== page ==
Trypanosome is a single-celled parasite that takes an extensive human and economic toll due to its involvement in causing sleeping sickness in humans and a similar disease in cattle.


Source: CDC/ Myron G. Schultz, DVM, MD, DCMT

Photomicrograph revealing the presence of seven Trypanosoma sp. parasitic organisms, in a human blood sample

The parasite, found mainly in rural areas of Africa, is transmitted to humans or cattle by the tsetse fly. There is no vaccine for the disease, and current treatments are difficult and ineffective due to the resistance of the parasites to existing drugs.

Advanced research by Prof. Shulamit Michaeli from the Goodman Faculty of Life Sciences at Bar-Ilan University in Israel, recently published in the journal Nature Communications, offers a new strategy for combating the disease. The research was conducted in collaboration with scientists from the group of Nobel Prize laureate Prof. Ada Yonath, of the Weizmann Institute of Science, a world-renowned expert on the spatial structure of the ribosome.

Targeting the ribosome

The new approach is based on damaging the ribosome of the trypanosome. The ribosome functions in all living cells as a factory for the production of proteins and it is comprised of very long chains of RNA and many diverse proteins. Damaging production of the proteins in the parasite causes a delay in its growth and thus its death.

In the RNA of the parasite’s ribosome there are dozens of chemical changes (modifications) that are created by small RNA molecules found in the area of the cell nucleus where ribosomes are produced.

One of these modifications, known as pseudouridine, stabilizes RNA molecules, including the ribosomal RNA. That is, in the absence of even a single specific pseudouridine, the parasite cannot multiply and cause the disease in a person or animal infected with it. Interestingly, pseudouridine plays a central role in the composition of the artificially coded RNA that the coronavirus vaccine contains.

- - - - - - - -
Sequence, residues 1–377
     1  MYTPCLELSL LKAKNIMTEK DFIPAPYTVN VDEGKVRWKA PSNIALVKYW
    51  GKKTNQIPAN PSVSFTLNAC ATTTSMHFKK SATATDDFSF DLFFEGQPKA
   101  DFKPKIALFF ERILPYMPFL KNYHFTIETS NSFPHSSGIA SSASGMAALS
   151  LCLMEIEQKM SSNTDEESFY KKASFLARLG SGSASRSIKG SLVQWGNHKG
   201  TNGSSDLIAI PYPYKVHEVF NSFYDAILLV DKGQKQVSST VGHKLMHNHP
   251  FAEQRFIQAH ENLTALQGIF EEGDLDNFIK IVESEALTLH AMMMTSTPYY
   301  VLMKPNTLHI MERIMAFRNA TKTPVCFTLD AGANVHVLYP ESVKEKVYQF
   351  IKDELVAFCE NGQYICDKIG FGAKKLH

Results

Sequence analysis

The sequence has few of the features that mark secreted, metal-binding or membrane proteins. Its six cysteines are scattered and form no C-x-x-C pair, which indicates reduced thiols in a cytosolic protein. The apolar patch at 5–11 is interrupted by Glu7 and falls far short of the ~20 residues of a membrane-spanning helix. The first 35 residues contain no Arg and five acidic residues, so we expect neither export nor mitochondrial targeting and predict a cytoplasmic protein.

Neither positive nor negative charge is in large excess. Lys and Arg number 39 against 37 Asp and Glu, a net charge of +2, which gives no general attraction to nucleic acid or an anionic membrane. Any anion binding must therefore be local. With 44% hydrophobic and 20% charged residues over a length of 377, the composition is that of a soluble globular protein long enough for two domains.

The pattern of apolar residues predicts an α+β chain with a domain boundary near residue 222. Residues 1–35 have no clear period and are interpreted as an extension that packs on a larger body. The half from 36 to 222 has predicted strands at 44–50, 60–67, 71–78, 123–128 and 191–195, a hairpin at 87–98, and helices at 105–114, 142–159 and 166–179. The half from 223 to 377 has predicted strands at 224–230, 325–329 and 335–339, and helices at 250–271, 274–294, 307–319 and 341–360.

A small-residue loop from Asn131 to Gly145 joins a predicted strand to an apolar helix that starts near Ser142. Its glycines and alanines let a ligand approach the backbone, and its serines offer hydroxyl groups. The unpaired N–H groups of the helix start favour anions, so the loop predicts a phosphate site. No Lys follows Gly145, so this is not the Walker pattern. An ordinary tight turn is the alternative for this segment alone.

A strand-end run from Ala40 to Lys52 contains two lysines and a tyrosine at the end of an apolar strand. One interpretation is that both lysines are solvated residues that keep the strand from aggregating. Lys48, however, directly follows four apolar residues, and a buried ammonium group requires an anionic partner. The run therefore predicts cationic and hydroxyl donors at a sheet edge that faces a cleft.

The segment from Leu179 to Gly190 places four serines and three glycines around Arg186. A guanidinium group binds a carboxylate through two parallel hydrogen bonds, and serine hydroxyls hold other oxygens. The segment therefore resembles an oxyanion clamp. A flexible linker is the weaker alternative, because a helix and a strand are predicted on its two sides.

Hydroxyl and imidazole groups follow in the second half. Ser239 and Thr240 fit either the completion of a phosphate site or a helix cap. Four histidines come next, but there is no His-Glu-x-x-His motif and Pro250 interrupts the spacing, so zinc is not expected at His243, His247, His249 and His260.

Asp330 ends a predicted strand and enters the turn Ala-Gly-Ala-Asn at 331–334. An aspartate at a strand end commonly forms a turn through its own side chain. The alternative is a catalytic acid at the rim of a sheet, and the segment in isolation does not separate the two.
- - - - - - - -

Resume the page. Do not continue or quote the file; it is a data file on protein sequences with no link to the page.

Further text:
Delete one pseudouridine 

The researchers in Prof. Michaeli’s group showed that the deletion of just one pseudouridine from the ribosome of the parasite causes the loss of a structural protein in the ribosome, thereby impairing its ability to produce several specific proteins as well as inhibiting its growth.

The findings of the study show that in the future it will be possible to design RNA-based drugs that will specifically damage the ribosome of the parasite (and not that of the human or cattle host) and thus stop its growth and the development of the disease. The future drug will be aimed at damaging the specific site on the ribosome where the essential pseudouridine is located.

Another innovation in the research is related to the role of pseudouridine in dealing with the very different growth temperature between the two hosts: the tsetse fly, whose body temperature is 260C, and the human host, whose body temperature is 370C. Chemical modifications stabilize the ribosome at elevated temperatures and give it the ability to function at a difference of 110C during the transmission from fly to human.

The set of modifications changes during transmission, and this is what allows the parasite’s ribosome to function in the two different hosts. Damage to these modifications negates the ability of the parasite’s ribosome to survive the heat differences between the tsetse fly and the human body.

Rose of Jericho disease

Deletion of the pseudouridine deprives the parasite of both its ability to develop and its ability to survive the transmission from the body of a fly to the body of a mammal. These findings form the basis for the development of a drug that can solve the difficult medical problems caused by the trypanosome parasite and parasites of the same family, such as the Leishmania parasite that causes the Rose of Jericho disease, which has also appeared in Israel.

“This development is exciting because it connects between the role of a single modification to the ribosome structure and its function in producing new proteins” says Prof. Michaeli.

The research was carried out by Dr. Rajan Shanmugha, a former doctoral student in Prof. Michaeli’s laboratory, in collaboration with Dr. Anat Bashan, a senior staff scientist in Prof. Yonath’s laboratory, together with several students and researchers in both laboratories. Prof. Toshiaki Isube from Tokyo Metropolitan University, Prof. Ron Unger and his group from the Goodman Faculty of Life Sciences at Bar-Ilan University, as well as Prof. Schraga Schwartz from the Weizmann Institute of Science.

The study of the biochemical aspects of this research was funded by a grant from the Israel National Science Foundation